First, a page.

Most privacy fans recognize that the current internet business model is a blocker — when people are only semi-consciously paying for services like Google(s goog) and Facebook(s fb) with their personal data, which is then used to target advertising, there’s little hope of keeping that data under control.
Some new initiatives such as the Safe Network see the solution as, effectively, burning it all down and starting again with a new, parallel network based on different economics. However, some are taking an alternative approach that tries to make the best of the ad-centric internet business model, and a good example here is CitizenMe.
Be your own data broker
CitizenMe’s app and model have two main aspects. The first is user control: the app can be plugged into Facebook, LinkedIn(s lnkd) and so on, which allows it to provide an overview of the user’s rights and settings across all these different services. It uses a traffic-lighting scheme, highlighting particularly disadvantageous terms in red for example.
Users can vote on whether they find certain terms reasonable or unreasonable, and CitizenMe will compile a top 10 of the worst terms and conditions. There’s also an “action” button on each term that will take the user straight through to the right settings page on the relevant service, so they can change it. Users can also set up notifications to alert them when the service provider changes their T&Cs (this reminds me a bit of Avira’s My Face Privacy tool for desktops).
But the second aspect is where things get really interesting. CitizenMe has been working with the Psychometrics Centre at the University of Cambridge on a way to tap into these various social networks and web services and, in essence, see what they see. At the start, that includes scoring for things like “conscientiousness” and “neuroticism”; later, it will include perceived intelligence, age, religion and so on. After all, Facebook famously has the ability to measure its users’ attributes and state of mind, so CitizenMe is trying to take the same source material and do the same thing – only it then feeds the results back to the user, rather than ad networks.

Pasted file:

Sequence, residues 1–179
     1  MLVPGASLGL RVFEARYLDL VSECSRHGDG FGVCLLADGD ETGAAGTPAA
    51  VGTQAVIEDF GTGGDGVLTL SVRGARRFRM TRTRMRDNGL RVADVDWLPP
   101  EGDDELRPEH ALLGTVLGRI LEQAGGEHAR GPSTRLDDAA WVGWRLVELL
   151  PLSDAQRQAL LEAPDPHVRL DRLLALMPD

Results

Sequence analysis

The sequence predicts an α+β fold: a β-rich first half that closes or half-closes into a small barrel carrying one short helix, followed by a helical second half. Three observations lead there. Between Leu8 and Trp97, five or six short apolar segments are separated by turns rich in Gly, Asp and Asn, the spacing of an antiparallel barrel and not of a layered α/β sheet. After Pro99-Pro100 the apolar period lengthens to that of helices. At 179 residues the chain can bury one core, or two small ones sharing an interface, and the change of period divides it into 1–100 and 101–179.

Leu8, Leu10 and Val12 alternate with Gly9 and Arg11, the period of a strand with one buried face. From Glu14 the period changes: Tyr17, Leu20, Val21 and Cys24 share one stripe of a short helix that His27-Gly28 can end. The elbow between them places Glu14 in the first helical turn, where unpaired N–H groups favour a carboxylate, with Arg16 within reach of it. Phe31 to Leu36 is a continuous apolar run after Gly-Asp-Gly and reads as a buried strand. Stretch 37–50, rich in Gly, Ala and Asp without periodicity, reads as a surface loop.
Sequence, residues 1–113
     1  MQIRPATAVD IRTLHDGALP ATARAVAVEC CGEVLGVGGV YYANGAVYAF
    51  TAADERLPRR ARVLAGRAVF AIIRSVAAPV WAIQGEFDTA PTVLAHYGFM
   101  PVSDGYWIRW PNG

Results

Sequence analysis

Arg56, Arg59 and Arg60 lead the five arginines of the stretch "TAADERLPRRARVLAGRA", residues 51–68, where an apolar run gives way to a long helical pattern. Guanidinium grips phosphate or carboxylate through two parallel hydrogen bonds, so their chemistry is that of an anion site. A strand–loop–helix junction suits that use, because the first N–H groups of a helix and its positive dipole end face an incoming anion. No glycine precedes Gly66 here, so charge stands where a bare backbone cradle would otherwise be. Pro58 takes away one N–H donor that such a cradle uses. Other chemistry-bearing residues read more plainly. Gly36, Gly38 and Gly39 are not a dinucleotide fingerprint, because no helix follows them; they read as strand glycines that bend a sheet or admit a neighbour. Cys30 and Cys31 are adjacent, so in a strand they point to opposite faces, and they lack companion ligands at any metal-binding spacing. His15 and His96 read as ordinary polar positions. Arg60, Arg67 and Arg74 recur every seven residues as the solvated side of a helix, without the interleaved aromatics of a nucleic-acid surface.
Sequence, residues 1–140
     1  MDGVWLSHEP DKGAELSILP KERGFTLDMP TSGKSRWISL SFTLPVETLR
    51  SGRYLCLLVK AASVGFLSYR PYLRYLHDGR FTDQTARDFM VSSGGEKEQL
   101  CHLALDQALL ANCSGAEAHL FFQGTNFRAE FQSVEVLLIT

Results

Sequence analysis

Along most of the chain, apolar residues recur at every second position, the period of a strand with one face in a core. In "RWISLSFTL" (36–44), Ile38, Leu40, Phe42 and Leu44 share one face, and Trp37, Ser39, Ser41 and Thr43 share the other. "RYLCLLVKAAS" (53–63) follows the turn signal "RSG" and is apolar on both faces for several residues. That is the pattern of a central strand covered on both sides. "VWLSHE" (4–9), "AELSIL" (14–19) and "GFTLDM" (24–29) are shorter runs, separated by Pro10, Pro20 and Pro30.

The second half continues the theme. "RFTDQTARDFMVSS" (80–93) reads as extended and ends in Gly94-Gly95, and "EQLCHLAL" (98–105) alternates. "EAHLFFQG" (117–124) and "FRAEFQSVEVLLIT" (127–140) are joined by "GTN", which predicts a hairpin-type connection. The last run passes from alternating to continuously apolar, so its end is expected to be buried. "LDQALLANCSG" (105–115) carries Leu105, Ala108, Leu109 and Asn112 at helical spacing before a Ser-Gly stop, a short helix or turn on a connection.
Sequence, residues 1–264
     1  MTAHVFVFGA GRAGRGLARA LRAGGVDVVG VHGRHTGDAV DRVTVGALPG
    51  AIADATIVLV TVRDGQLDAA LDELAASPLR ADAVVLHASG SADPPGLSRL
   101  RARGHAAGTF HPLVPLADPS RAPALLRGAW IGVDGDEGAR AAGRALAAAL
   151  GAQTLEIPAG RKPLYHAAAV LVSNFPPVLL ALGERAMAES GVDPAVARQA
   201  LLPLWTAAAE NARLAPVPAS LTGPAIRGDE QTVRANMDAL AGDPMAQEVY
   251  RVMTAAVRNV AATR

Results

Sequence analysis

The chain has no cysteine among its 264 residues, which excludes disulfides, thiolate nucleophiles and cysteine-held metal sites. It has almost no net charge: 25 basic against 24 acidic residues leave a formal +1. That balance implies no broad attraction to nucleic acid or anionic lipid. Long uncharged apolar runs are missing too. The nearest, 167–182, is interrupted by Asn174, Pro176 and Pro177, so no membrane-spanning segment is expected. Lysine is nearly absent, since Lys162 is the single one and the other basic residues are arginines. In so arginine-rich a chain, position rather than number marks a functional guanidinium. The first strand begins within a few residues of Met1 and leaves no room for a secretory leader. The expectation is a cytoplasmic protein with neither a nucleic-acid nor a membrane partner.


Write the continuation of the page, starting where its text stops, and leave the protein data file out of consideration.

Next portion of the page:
That fed-back information is stored and encrypted on the user’s device – CitizenMe doesn’t store it in some data silo that the NSA or other hackers can access.
In the future, CitizenMe hopes, users could then opt to share that information with others, perhaps including advertisers. As founder StJohn Deakins explained it to me:
“The first step is to provide visibility and control of data, so you can go into your settings and have some control. If you want to, you can share that data… you can exchange data for a reward. It could be for altruistic reasons, for example 23andMe [genetics] data for research. You may want to expose your data out to the ad ecosystem and brands. We then provide a marketplace and exchange where we exchange on your behalf.”
Non-commercial data-sharing would be free. When users share data with advertisers, though, they would get paid for that data and CitizenMe would take a cut. If this sounds a bit like the goal of the Respect Network, whose launch I covered last week, then you’ll be unsurprised to learn CitizenMe is a partner in that initiative.